SPEC CPU2017 Benchmark Description

510.parest_r

Wolfgang Bangerth <bangerth [at] gmail dot com>, et al.

A finite element solver for a biomedical imaging problem

510.parest_r solves a problem from biomedical imaging. Specifically, the underlying problem is the reconstruction of interior properties of a 3d body from multiple observations at its two-dimensional surface, in much the same way as multiple 2d X-ray images are combined to do 3d CT (computed tomography) scans. The difference to CT scans is that the method this program describes is infrared light that does not go through tissues in a straight line, but diffuses.

In order to understand how the overall algorithm works, let us stick with the example of CT for a moment. CT involves taking X-ray exposures of a body from different angles, and obtaining developed photo plates (or today, the data that comes from the digital X-ray detectors) placed on the other side of the body from the X-ray cannon. There is then a mathematical algorithm called the "inverse Radon transform" that reconstructs the 3d interior make up of the body from these 2d exposures.

When given a number of exposures from different angles, an implementation of
the algorithm will create some reconstruction of the body's interior. But is
your implementation correct? We don't know, because we don't know what the
*exact* make-up of the body was when the exposures were taken.

What one therefore does to test such implementations is to *assume* an
exact make-up and *compute* what exposures this *would* produce if one
were to do actual experiments (these are called "synthetic" measurements). One
then uses the implementation of the method on these exposures to reconstruct the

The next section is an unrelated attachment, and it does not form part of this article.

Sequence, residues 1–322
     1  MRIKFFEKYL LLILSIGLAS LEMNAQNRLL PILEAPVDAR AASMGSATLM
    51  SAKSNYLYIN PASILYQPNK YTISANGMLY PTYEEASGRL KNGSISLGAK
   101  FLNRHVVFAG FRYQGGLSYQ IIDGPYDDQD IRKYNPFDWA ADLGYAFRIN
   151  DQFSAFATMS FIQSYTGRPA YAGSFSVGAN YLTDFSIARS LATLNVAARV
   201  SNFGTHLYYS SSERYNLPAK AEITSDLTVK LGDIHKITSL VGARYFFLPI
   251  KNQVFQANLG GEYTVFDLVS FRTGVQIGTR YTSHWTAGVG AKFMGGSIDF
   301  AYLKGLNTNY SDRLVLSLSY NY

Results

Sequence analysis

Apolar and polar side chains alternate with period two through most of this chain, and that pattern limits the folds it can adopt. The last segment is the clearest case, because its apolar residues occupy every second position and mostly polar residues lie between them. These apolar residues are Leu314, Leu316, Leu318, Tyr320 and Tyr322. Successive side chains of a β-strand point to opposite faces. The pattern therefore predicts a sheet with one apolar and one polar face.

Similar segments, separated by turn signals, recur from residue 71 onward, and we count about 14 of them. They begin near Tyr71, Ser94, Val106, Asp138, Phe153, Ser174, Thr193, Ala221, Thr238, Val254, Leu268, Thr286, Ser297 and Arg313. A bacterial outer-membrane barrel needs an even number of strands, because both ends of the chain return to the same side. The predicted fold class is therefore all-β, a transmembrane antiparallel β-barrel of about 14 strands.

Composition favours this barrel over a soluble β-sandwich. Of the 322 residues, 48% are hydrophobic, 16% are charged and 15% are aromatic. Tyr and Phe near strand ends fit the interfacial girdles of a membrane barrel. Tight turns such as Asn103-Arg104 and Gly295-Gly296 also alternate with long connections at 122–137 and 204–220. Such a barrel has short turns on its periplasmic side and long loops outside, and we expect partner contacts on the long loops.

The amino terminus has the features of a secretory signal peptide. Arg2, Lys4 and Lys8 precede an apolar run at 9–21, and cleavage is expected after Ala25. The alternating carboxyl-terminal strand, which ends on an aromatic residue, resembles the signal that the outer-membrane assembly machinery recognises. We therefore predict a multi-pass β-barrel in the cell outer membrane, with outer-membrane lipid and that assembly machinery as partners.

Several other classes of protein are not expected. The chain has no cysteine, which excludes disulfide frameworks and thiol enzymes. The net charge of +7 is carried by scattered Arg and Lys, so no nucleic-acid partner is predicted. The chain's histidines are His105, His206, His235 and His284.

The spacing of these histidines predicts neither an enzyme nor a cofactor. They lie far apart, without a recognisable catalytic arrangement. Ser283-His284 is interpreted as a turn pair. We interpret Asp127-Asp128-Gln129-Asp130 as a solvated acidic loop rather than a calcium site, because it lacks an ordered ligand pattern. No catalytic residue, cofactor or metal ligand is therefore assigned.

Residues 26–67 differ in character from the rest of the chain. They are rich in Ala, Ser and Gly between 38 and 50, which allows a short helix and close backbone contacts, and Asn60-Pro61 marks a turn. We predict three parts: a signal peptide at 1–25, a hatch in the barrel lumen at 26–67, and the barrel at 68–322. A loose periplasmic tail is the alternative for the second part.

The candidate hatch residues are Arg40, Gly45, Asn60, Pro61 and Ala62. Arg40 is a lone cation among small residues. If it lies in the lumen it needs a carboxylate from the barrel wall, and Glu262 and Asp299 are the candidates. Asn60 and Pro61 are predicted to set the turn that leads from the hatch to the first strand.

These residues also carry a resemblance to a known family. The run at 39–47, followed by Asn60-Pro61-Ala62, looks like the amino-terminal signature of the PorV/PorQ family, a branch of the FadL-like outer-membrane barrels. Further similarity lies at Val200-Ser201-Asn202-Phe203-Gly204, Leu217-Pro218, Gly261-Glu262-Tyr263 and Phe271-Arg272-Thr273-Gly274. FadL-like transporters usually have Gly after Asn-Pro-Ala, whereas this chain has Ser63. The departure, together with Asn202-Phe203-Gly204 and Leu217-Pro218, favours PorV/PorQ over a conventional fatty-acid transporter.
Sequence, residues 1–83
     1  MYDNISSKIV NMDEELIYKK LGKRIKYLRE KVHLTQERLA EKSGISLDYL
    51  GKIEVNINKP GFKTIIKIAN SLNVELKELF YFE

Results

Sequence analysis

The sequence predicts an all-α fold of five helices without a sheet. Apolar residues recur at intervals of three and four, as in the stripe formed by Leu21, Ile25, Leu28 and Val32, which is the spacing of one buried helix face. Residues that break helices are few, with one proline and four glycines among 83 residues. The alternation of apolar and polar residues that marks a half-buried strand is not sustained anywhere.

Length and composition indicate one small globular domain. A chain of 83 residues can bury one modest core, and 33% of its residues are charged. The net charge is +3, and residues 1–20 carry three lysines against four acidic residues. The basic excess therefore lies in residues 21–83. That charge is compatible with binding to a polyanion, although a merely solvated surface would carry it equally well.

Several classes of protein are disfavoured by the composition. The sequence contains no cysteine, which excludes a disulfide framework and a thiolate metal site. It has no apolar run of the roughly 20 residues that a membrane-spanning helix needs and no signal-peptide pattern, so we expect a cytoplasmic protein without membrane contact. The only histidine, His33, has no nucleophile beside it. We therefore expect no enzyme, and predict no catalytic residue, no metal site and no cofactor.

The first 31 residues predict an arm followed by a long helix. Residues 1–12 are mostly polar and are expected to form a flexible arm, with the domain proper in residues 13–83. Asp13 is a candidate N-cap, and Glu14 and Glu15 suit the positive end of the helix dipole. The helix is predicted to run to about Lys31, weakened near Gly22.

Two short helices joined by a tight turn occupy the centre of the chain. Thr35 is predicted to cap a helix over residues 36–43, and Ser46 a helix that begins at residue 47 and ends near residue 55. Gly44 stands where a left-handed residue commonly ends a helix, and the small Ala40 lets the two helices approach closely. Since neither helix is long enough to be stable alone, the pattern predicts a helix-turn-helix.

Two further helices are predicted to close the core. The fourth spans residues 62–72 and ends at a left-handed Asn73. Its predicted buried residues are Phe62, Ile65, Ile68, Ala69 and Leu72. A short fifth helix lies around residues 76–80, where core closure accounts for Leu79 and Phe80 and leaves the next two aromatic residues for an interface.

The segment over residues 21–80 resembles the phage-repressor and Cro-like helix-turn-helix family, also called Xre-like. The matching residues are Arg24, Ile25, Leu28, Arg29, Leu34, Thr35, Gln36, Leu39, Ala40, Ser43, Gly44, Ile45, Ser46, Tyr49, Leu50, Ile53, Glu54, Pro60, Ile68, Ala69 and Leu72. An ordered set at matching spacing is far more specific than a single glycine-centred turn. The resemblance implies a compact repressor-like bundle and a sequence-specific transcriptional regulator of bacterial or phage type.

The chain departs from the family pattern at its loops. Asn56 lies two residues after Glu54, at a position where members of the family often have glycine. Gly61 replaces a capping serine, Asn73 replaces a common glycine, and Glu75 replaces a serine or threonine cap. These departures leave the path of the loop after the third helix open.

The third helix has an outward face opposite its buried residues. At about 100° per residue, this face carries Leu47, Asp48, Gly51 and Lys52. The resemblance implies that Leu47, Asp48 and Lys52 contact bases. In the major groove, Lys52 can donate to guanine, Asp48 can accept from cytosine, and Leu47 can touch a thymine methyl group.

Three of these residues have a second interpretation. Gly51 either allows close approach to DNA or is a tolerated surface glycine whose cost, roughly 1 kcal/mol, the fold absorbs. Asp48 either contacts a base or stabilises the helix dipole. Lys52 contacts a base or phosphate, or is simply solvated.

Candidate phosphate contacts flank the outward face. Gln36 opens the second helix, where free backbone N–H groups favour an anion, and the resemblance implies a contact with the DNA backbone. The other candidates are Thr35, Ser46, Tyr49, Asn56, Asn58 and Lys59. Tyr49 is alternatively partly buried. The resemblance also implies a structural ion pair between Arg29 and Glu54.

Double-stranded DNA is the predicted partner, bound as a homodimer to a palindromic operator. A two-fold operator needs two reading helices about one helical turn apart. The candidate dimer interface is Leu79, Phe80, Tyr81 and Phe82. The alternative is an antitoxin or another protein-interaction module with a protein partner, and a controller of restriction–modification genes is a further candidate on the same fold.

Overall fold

body. Because we know the *exact* make-up of the body from which these
exposures were creates, we can compare the *exact* and the
*reconstructed* make-up and ensure that they are the same, or at least that
the reconstructed make-up converges to the exact one as we add more and more
exposures.

This particular benchmark, 510.parest_r, does not actually deal with CT reconstructions. Rather, it is built to deal with a different biomedical imaging method called "fluorescence-enhanced optical tomography" that uses infrared light instead of X-rays because (i) infrared light is not harmful to humans, and (ii) because it provides a better contrast between healthy and diseased tissue than X-rays. The major difference between this method and CT is that the relationship between the body's interior we would like to reconstruct and what we can measure is not linear. Consequently, while a CT reconstruction algorithm can compute the body's interior make-up in one step, optical tomography methods need to do this iteratively: they start with an assumed make-up and over a number of iterations improve it until they think that they are close enough.

Under the hood, this requires solving the predicting set of partial differential equations many hundreds or thousands of times, for different hypothetical make-ups. This is done on locally refined finite element meshes that change over time as we hone in on the best reconstruction. In other words, there is a loop over a number of iterations (corresponding to the output "Step 1", "Step 2", etc in the log file for this benchmark), each of which improves our current best guess for the body's 3d interior make-up. Within each of these iterations or "steps", the algorithm re-computes the synthetic measurements and then loops over all of the experiments (corresponding to the exposures from different angles in the CT example) and predicts what we would measure with the current best guess make-up. At the end of each step, these predictions are then compared against the (synthetic) measurements and an improved guess is computed.

The implementation of all of this relies on the deal.II finite element library (see www.dealii.org) that also underlies the 447.dealII benchmark that is part of SPEC CPU2006.

The input for 510.parest_r consists of a single input file with a suffix
`.prm`

that describes the problem completely. There are
`test.prm`

, `train.prm`

, and `ref.prm`

files in
the `data/`

subdirectory of this benchmark.

The format of these input files is intended to be self explanatory, using a set of parameters grouped into nested, hierarchical sections. The parameters are grounded in the mathematical and computational algorithms that underly the problem, as well as the kinds of models that are implemented.

A few parameters are of particular interest for benchmarking: